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Nystagmus Awareness Day

Richard Osman, the television presenter, producer, comedian, director and novelist has nystagmus, which causes his eyes to move or “wobble” constantly. When working on TV he learns his scripts by heart as nystagmus makes it hard for him to read the autocue.

The uncontrolled eye movement caused by nystagmus can be side to side, up and down, in a circular motion, or a combination of these movements.

Nystagmus is caused by a problem with the way the eye sends messages to the brain, or how the parts of the brain responsible for eye movement make sense of the information.

Congenital nystagmus is usually diagnosed in very young children. Although this type of nystagmus can be associated with a problem with the eyes themselves, or the parts of the brain which control eye movements, children sometimes develop nystagmus without any of these problems.

There is a lot of variation in how congenital nystagmus affects sight, however most people with nystagmus have some useful vision, and the condition doesn’t usually worsen with age. Some people find they have poor depth perception which can make judging distances and heights difficult.

Whilst some people can read most sizes of print without help most people with nystagmus have reduced vision.

Holding your head in a particular position may help people with nystagmus to see things more clearly. This is known as the “null zone” and is usually the direction of gaze where eye movements are slowest and most stable. Parents may notice that their child looks at things sideways or tilts their head to one side. Some people with the condition also find that nodding improves their vision.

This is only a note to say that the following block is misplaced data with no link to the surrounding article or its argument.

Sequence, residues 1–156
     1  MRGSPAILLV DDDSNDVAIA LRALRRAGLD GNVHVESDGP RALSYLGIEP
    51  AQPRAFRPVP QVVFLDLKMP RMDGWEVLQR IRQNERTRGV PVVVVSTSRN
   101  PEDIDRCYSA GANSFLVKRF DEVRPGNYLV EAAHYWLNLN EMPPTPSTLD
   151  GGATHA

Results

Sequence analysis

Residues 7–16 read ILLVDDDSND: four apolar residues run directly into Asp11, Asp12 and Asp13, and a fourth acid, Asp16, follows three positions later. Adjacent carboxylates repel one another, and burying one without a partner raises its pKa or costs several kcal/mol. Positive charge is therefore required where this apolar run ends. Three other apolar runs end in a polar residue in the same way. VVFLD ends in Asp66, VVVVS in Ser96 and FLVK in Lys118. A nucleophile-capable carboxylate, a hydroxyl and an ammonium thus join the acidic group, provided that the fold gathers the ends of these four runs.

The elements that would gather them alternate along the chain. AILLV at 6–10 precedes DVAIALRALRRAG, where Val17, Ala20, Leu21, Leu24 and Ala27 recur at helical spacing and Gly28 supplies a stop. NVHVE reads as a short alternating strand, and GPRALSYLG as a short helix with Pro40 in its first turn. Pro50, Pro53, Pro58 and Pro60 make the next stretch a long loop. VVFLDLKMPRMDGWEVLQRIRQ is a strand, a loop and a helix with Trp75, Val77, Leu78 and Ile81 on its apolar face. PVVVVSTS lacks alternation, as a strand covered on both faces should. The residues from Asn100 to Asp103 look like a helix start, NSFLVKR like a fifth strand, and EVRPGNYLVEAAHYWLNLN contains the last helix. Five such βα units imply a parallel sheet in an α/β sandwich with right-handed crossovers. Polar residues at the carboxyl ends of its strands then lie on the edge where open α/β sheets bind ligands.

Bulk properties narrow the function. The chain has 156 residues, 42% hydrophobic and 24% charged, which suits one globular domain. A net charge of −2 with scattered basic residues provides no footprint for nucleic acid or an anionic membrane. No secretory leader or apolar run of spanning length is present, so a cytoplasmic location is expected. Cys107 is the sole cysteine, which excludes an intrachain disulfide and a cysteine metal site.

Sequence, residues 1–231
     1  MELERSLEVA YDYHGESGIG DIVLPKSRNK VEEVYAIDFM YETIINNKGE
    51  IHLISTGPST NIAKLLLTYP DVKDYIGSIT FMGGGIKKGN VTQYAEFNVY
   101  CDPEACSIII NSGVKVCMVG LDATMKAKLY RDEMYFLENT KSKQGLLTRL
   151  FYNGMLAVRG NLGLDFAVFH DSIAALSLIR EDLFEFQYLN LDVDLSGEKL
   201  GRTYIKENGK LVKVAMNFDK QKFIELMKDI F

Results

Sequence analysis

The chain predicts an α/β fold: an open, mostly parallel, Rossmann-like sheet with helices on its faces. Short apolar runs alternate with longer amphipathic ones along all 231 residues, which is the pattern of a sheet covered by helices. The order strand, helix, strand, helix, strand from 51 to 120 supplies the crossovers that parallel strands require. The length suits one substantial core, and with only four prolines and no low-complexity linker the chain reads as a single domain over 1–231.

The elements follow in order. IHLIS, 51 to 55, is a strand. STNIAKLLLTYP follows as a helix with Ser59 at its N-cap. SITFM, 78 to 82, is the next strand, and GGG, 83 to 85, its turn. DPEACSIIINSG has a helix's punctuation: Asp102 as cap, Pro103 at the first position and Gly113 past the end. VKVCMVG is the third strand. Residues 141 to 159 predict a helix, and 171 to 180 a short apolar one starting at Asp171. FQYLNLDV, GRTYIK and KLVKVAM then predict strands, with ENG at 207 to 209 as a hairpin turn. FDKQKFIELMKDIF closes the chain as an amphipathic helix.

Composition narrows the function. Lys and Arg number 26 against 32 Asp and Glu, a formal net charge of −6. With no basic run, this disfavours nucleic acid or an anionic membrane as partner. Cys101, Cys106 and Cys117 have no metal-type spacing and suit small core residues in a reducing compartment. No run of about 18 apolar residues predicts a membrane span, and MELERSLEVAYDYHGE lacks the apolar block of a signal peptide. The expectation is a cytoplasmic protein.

Nystagmus that develops later in life is caused by damage to the parts of the brain which control eye movements. Acquired nystagmus is usually a sign of another underlying condition such as stroke, brain tumour, multiple sclerosis, head injury or the effects of a drug.

The prognosis for the condition depends on its cause. Some people get better however it can be long term. When nystagmus is new to a person, their brain will not have adapted to the unexpected eye movements. Unfortunately, this means they are likely to perceive the world as constantly moving, which can be very disabling, making things difficult to see and causing dizziness and nausea.

There is currently no cure for nystagmus however things can be done to help people manage the condition.

If you have nystagmus, please contact EYECAN where the Community Team can assess your vision needs and explore adaptations to improve your sight experience.

To learn more about EYECAN support please contact: [email protected] / Tel: 864689.